I revert, in closing, to the resolution before us. Despite all I have said I cannot support it. The first clause limits our actions without having any regard to our position or need. The third clause offers lip service to an abstraction. It breaks no new ground and presents no appeal. It offers nothing and promises nothing. It is only a wind-sock on the political landing field. Parliament owes the Canada for which a generation died something more concrete, something more definite and something more sincere.

Topic:   FOREIGN EOLICY
Subtopic:   PROPOSED STATEMENT OF PRINCIPLES TO APPLY IN RESPECT OF WAR, THE CAUSES OF WAR, AND WAR MUNITIONS OR MATERIALS
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SC

John Charles Landeryou

Social Credit

Mr. J. C. LANDERYOU (Calgary East):

Foreign Policy-Mr. Landeryou

In view of the extensive rearmament of powerful nations throughout the world, the British Empire must be in a position to defend its people, its territory, its trade routes and lines of communication. I would point out, however, that Great Britain must be careful of European entanglements, because while I feel certain the Canadian people are prepared to help defend the British Empire, they are not prepared to enter into a war of aggression or a war in any part of the world which does not vitally .concern the well-being of the English speaking units of the empire. I would point out further that old methods of financing the building of armaments, and of conducting war, must be abolished. The people of Canada will not stand much longer the steady pyramiding of debts under the present system, which have as their direct result chaotic conditions in our economic life.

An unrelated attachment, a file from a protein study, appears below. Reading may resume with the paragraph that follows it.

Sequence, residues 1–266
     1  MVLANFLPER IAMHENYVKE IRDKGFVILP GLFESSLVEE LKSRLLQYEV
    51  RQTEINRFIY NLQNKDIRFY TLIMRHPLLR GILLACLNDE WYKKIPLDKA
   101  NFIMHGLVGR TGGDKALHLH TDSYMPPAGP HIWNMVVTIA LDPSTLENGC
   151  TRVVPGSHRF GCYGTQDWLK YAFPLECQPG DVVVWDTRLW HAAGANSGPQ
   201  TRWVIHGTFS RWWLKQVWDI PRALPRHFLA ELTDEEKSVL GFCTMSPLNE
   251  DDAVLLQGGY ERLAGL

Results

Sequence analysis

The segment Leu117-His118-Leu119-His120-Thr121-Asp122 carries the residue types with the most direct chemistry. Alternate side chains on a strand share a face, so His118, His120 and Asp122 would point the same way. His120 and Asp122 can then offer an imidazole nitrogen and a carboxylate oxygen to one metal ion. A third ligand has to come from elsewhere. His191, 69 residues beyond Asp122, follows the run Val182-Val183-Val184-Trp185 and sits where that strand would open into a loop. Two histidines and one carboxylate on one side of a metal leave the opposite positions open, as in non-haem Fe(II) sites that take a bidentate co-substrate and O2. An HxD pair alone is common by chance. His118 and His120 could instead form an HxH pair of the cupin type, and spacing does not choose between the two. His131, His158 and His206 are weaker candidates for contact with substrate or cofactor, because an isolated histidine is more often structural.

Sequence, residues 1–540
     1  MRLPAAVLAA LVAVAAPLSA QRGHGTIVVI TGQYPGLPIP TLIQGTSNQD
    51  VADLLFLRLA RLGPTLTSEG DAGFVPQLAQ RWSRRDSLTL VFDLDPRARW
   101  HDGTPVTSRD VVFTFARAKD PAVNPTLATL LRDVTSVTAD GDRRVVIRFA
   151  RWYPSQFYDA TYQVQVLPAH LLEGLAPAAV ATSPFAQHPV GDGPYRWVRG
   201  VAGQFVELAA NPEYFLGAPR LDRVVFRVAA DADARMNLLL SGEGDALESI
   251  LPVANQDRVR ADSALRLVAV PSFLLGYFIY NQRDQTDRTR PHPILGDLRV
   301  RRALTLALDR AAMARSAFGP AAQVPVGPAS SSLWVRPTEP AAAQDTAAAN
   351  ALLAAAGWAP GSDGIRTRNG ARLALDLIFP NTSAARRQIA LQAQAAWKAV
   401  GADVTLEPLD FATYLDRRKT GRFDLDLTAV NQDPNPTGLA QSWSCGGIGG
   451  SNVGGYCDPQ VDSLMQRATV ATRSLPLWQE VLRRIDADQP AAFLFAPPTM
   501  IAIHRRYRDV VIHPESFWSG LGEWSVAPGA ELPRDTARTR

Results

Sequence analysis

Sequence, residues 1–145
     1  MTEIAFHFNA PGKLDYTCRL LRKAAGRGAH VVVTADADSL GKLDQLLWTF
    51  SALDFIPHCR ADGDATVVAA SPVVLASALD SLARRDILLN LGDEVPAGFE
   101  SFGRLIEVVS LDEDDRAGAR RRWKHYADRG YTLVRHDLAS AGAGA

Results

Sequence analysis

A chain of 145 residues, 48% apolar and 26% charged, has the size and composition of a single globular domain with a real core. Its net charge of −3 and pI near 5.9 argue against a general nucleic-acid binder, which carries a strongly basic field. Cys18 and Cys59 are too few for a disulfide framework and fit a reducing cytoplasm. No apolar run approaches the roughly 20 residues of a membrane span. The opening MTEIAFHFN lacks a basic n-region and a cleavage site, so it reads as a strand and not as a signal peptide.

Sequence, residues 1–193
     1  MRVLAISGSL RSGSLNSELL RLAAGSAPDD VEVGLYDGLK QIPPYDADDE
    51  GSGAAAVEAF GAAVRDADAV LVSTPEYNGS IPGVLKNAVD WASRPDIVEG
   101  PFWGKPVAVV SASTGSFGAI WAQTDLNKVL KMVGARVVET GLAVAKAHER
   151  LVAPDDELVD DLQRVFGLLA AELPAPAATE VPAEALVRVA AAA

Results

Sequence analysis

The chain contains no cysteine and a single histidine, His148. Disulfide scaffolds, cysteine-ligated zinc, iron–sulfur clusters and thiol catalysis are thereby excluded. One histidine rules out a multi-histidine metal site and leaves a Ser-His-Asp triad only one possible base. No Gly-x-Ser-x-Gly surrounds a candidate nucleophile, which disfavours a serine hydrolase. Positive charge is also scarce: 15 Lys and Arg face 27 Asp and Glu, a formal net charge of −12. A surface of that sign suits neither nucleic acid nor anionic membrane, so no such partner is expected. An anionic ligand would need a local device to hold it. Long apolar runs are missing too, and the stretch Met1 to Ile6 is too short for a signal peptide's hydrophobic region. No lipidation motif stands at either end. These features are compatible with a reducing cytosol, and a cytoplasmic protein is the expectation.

In this connection may I read a statement made by Neville Chamberlain, Chancellor of the Exchequer, as it was delivered at Birmingham on January 29. The news item is headed with the words "Living Standards are Endangered by Rearmament Plans," and is in the following terms:

Neville Chamberlain, Chancellor of the Exchequer, declared to-day, "If something is not done" to reduce "the terrible burden of armaments it is bound to pull down the standard of living for a generation to come."

Chamberlain referred in a public address to the "incredible folly of a civilization which is piling up these terrible burdens on the shoulders of the nation."

"We are embarking on by far the largest program for defence ever undertaken by this country in peace times" he said. "It is involving us in the expenditure of hundreds of millions of pounds upon munitions and weapons which produce no economic return and which indeed have the inevitable effect of diverting our industries from more desirable activities. I believe that course was absolutely essential. We had no choice in the matter."

The government must finance defence without creating enormous debt burdens to be placed on generations to come. The Prime Minister (Mr. Mackenzie King) has said the Liberal party stands for the issuing of currency and credit in terms of the public need. We are of opinion that the country is in need of defence. Let us issue the credit necessary for the purpose without borrowing, and take steps to prevent profiteering on the manufacture of defence equipment. By taking the profit out of war we will be on the road to peace.

Topic:   FOREIGN EOLICY
Subtopic:   PROPOSED STATEMENT OF PRINCIPLES TO APPLY IN RESPECT OF WAR, THE CAUSES OF WAR, AND WAR MUNITIONS OR MATERIALS
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February 4, 1937